• The ‘welfare programs’ (sic) were profoundly helpful to a populace who had been brought to bloodied knees by the war.

          • I didn’t say they had it easy, but then why should they have? But they rebuilt their country and did it well, while Labour squandered our money. In a truly just world we would have spent it on our own industry, which was quite worn out as well.

          • The country was trying to manage an empire when it was utterly broke. I think you’ll find that Germany didn’t, for obvious reasons, have that problem.

          • All war costs a great deal of blood and treasure. What matters is not squandering the peace.

            If you think we went to war to keep our Empire you must be a product of Blair’s “education, education, education”. We went to war for Europe.

          • Don’t be so ridiculous. There was serious thought of simply surrendering in 1940. The idea we were in it for some noble purpose is propaganda. If we’d wanted to save Europe we’d have got involved much sooner. Even on such terms we failed since Stalin owned most of Europe afterwards.

          • You are the one being ridiculous. We were already at war and facing invasion when the appeasement gang lost their bottle and began seeking surrender.

            We were not prepared enough to get involved earlier. We were hardly prepared enough when we did.

            What happened afterwards is irrelevant to why we went to war in the first place which was the result of treaty obligations and undertakings. From the comfort of your armchair you are seriously underestimating what Nazi Germany was all about.

          • Not underestimating Nazi Germany at all, we absolutely had to go to war I agree, but none of this suggests that we “won the war”. The official reason for joining the war was that we were defending Poland… well we ended up agreeing that Stalin could have it, so fat lot of good we did the people of Poland, saving them from one tyrant to hand them to another.

          • You keep dodging but not making any sense. No-one know in 1939 what was going to happen in 1942, let alone 1945. Stalin was Hitler’s chum until then. Hindsight is a wonderful basis for criticism but makes for a lazy historian.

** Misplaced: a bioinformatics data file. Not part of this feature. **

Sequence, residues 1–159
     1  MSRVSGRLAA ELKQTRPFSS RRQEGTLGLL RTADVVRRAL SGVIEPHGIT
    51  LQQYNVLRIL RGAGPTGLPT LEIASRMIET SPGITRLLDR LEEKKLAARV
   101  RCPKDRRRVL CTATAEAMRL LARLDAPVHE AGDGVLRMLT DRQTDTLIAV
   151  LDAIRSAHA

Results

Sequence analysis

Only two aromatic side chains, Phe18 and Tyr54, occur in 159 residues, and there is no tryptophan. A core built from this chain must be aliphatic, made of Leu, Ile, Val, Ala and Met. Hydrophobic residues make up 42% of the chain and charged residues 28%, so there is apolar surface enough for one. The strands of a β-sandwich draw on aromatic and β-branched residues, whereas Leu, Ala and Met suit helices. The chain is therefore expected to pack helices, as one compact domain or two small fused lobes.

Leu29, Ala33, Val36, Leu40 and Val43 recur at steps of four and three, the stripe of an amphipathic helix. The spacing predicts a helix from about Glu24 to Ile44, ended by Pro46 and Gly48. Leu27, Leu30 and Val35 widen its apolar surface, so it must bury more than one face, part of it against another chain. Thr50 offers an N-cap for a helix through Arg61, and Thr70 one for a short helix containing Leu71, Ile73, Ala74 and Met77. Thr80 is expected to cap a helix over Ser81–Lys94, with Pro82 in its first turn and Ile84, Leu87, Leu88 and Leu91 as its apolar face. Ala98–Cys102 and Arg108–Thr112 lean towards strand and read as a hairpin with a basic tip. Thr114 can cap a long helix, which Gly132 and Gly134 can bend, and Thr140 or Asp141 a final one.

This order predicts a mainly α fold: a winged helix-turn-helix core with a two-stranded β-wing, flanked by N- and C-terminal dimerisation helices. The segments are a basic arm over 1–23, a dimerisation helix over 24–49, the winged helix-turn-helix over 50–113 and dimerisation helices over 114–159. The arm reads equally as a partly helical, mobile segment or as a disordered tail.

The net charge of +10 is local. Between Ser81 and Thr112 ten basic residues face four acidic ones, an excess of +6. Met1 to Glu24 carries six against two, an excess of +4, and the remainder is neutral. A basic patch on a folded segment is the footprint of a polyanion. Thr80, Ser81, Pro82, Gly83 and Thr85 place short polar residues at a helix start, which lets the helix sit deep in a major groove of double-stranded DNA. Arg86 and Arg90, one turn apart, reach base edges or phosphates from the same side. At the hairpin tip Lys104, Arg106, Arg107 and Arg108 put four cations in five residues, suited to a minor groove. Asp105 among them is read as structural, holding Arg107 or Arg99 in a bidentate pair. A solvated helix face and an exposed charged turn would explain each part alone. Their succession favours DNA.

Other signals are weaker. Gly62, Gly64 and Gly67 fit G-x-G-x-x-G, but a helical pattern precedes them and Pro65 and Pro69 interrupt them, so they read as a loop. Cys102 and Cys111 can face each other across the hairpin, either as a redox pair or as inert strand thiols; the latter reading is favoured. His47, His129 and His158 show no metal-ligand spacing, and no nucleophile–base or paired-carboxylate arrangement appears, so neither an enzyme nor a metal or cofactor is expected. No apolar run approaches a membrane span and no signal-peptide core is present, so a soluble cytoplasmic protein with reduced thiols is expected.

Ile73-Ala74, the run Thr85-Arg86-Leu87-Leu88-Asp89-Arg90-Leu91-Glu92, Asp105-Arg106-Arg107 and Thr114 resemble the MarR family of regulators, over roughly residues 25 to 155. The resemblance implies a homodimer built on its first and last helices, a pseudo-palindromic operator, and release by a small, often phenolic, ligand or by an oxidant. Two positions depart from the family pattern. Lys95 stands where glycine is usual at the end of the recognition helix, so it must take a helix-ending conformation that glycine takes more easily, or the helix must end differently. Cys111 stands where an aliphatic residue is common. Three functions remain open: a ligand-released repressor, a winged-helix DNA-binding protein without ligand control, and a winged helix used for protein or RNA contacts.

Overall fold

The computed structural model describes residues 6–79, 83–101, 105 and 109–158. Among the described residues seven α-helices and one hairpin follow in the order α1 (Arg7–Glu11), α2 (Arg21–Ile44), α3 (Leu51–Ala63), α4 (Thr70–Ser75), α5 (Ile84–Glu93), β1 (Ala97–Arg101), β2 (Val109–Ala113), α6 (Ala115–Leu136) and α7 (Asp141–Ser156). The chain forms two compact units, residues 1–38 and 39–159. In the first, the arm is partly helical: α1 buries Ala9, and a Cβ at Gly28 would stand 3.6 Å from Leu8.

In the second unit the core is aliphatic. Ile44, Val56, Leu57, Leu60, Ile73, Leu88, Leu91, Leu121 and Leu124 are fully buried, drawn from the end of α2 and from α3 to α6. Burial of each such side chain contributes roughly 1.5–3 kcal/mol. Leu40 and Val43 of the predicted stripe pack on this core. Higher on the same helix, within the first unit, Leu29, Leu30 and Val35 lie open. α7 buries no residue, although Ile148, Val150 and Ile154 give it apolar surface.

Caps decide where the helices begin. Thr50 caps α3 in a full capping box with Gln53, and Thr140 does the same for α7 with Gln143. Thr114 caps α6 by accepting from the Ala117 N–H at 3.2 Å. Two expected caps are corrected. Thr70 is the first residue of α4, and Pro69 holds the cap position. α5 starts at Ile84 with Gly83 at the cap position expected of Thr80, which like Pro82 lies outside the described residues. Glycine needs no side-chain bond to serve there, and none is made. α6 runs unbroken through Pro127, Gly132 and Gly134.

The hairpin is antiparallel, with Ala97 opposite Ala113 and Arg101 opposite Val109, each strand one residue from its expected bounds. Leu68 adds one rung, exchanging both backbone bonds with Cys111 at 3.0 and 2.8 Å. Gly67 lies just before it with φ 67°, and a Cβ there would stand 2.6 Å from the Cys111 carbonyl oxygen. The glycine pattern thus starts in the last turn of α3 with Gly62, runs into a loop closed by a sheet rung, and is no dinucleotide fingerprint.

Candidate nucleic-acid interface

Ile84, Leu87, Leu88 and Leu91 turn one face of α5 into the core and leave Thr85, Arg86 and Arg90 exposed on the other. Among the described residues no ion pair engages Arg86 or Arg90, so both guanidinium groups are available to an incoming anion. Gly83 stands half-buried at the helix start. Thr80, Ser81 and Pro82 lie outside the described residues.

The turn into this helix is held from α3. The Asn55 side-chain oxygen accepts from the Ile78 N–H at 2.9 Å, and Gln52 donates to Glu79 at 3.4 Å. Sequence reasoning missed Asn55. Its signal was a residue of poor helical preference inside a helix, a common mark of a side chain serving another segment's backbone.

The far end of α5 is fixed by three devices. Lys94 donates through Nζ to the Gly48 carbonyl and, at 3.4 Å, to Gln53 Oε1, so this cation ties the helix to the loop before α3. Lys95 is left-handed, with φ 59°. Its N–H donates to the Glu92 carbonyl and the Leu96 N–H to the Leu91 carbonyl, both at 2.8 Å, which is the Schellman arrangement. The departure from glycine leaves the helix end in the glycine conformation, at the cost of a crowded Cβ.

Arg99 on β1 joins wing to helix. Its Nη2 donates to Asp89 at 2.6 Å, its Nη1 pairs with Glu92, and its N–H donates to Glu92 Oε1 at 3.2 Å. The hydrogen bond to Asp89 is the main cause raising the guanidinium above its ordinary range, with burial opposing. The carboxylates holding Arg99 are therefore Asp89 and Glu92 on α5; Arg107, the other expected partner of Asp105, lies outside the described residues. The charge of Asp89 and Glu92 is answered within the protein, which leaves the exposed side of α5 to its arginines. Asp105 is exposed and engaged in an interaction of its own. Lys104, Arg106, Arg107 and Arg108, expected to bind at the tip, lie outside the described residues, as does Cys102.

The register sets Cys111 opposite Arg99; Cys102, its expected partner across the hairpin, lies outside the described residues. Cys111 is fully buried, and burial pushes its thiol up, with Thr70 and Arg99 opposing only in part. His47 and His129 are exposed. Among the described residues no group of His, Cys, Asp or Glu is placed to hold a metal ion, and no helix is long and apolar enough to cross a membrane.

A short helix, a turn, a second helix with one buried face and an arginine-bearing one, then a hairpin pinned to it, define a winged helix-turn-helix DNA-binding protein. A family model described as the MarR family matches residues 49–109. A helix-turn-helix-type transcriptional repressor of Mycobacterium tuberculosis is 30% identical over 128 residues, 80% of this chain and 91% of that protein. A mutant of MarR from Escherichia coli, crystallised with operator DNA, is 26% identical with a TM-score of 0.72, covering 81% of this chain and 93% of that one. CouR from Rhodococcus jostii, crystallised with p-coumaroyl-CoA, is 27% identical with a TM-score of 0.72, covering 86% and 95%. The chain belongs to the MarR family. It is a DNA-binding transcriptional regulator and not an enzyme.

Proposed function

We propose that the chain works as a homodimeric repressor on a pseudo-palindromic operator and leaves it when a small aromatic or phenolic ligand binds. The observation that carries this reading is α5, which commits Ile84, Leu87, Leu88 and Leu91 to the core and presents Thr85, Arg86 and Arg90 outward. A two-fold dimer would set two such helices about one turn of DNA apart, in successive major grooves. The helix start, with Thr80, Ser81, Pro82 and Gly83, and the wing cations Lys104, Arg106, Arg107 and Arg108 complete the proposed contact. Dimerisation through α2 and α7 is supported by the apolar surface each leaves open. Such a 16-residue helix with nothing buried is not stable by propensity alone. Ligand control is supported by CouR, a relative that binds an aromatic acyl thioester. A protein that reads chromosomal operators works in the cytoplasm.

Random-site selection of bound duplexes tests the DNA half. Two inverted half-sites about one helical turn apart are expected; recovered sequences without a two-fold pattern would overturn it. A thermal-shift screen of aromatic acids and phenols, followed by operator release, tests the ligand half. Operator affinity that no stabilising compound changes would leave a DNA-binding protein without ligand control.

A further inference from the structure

The outcome of the war was ultimately disappointing, not least because the USA held us to our war debt until 2006 whilst that pariah state Germany was rehabilitated and allowed to grow to dominance once again.

          • I’m not dodging anything, I said we didn’t win the war, we just didn’t lose it, which you disagreed with by pointing out that we took part in the war, which was never in doubt.

            Typically winning wars gives you more territory, more money… more something. But we ended it losing territory, with no money and occupied by the USA. Not a win of any sort.

          • No, I countered that in my view we did win. You then started wittering about the reason for going to war.

            Winning that war meant not losing it. If we had really lost it we would have been occupied by the Nazis not “occupied” by the USA.

          • So you’ve created your own personal condition by why you think we won? Okay but it’s the blinkered mainstream view of the War and totally stupid in my opinion. Currently at schools we teach kids our mostly peaceful and prosperous empire was bad but the disastrous war that basically destroyed our country was good, no wonder things are so screwed up.

    • Whatever you say we have always punched well above our weight and have much to be proud of. You seem to think we are on a par with Belgium.